• Focus on what you’ll gain by cutting back – you might be motivated by saving money, boosting your memory and concentration, sleeping better and having more energy and patience to do things you enjoy.
  • The Daybreak app from Hello Sunday Morning also helps – it provides confidential health advice and a supportive community to help people reduce their drinking and protect their health.

Read more articles like this:

You might also be interested in these

Picture of different alcohol beverages, from left to right shows a glass of red wine, a orange coloured cocktail, glass of beer, clear cocktail with herbs, another glass of darker beer, red coloured cocktail, small wine glass and martini glass with pink liquid.

Alcohol

02 Sep 2021

What is a standard drink size?

Young people using devices in a park

PREVENTING HARM FROM ALCOHOL

12 Mar 2021

Who is really influencing you?

Read More

Image of a sports bar

alcohol harm prevention

15 Dec 2020

Alcohol harm prevention in sports bars

Read More

Mental Health Foundation Calendar of Mental Health Month Events October 2021

ANU: World Mental Health Day panel discussion

We are delighted to be partnering with the ANU for the World Mental Health Day online expert panel discussion on Friday 8 October at 12.30-2pm AEST. I will be joining a panel with Dr Hugh Mackay AO, Associate Professor Tegan Cruwys, Dr Amelia Gulliver, and Emeritus Professor Andrew Markus. The session will be moderated by Michelle Linmore from ANU Counselling. The panel will focus on practical ways to improve mental health, including ways to ease loneliness and create connections within our community. We hope this discussion will include ways that we as individuals can cope in the current context, but also ways in which Australia might best respond to emerging mental health challenges.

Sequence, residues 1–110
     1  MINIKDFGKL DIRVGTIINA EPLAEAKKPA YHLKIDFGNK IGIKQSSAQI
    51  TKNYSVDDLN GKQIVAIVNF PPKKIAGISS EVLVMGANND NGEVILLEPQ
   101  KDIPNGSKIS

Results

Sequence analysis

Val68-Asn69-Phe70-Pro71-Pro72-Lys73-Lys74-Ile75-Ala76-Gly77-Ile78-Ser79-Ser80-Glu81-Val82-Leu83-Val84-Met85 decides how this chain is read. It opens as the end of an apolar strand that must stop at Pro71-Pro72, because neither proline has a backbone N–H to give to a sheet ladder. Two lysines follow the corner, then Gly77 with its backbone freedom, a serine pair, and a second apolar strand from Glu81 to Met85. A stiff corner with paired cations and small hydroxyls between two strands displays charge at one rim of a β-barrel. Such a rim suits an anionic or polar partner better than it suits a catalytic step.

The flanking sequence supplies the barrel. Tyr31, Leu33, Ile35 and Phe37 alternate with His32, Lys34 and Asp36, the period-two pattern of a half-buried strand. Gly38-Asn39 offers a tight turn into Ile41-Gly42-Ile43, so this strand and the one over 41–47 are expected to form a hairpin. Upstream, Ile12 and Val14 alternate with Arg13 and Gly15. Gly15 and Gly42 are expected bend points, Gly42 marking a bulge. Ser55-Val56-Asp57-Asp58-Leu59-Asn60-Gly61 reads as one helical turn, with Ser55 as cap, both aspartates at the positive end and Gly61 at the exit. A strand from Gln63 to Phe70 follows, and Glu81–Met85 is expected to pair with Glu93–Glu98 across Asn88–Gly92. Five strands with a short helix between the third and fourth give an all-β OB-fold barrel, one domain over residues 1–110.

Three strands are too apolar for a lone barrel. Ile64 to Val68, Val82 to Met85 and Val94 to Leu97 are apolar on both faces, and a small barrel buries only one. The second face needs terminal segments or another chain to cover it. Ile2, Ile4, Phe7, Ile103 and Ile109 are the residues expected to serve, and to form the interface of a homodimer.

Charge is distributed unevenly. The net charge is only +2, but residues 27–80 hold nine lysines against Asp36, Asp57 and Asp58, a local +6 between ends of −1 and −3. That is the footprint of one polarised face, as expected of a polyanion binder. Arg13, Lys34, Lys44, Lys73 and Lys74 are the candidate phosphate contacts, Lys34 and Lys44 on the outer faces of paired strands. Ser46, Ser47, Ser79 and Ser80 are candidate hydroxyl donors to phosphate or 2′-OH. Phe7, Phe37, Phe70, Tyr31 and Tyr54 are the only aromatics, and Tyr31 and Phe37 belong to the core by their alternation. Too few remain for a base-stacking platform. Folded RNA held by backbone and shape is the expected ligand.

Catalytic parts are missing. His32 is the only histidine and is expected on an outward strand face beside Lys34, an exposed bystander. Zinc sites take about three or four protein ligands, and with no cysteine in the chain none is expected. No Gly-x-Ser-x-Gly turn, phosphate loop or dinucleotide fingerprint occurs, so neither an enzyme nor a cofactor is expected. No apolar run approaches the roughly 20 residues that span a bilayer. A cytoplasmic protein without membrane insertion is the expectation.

Daily ideas for looking after your mental health this October

Mental Health Australia has launched its October 2021 calendars for Mental Health Month ahead of World Mental Health Day on 10 October, including daily ideas for all Australians to look after their mental health in the midst of the ongoing pandemic. Mental Health Australia’s downloadable and printable calendars are tailored with some great tips for different audiences, including the general public, young adults, families, older Australians, and workplaces. Download the calendars here.

Out Doors Inc. Newsletter October-December 2021

There’s never been a more important time to focus on our mental health, which is why we’re so excited about supporting National Mental Health Month throughout October. National Mental Health Month is an initiative of the Mental Health Foundation Australia to advocate for and raise awareness of Australian mental health.

Out Doors will be running a range of free events to attract and unite all Australians to raise awareness and promote better mental health for all.

You can access these free events via the link below:
https://mailchi.mp/outdoorsinc/out-doors-ink-spring-5389638?e=c10186a891

To access our October-December 2021 Program Calendar, click below:
October – December 2021 Program Calendar

Process for getting onto programs

  1. Read through the calendar to find programs that suit your needs, preferences, and availability.
  2. Contact Out Doors Inc. via phone, email, or post to express your interest in the programs you wish to attend. Click below to download an Expression of Interest form.
  3. Out Doors Inc staff will then contact you to confirm you have up-to-date medical forms and a current service agreement (NDIS only – more info on page 3 of the Program Calendar). Once these details are current, ODI staff will confirm your place on the program and send you an invite where required.
  4. Once enrolled, refer to your program invite (Day trips included in this calendar/multi-day program invites will be posted individually), and please read through the COVID-19 health information (page 4 of the Program Calendar) to ensure you are able to attend.

To download an Expression of Interest form, click below: